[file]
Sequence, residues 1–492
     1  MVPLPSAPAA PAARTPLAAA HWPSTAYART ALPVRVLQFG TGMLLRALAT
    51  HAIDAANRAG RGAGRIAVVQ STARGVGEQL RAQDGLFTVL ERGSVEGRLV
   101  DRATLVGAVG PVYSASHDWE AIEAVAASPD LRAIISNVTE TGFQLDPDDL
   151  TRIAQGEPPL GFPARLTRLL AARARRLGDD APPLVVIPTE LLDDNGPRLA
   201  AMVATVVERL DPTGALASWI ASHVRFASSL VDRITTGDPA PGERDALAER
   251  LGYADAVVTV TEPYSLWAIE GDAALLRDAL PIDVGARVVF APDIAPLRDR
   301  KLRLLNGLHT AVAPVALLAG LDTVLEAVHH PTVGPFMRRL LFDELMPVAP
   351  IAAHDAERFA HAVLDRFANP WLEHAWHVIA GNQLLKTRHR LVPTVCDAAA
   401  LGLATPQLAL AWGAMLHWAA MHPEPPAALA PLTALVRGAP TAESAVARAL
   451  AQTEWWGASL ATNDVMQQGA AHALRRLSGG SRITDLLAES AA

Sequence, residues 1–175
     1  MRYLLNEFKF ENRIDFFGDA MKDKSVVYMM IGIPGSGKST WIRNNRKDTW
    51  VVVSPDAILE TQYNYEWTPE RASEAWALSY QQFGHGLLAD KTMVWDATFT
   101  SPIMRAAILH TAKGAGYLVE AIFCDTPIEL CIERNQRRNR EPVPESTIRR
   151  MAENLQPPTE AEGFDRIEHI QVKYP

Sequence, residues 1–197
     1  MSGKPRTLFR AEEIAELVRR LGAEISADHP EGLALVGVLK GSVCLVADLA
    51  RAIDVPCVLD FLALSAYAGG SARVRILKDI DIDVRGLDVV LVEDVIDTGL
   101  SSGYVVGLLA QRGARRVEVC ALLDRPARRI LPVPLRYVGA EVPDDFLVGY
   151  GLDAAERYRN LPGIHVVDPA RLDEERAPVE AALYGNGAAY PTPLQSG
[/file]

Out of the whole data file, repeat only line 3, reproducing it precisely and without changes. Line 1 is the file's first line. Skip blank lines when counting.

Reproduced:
    51  HAIDAANRAG RGAGRIAVVQ STARGVGEQL RAQDGLFTVL ERGSVEGRLV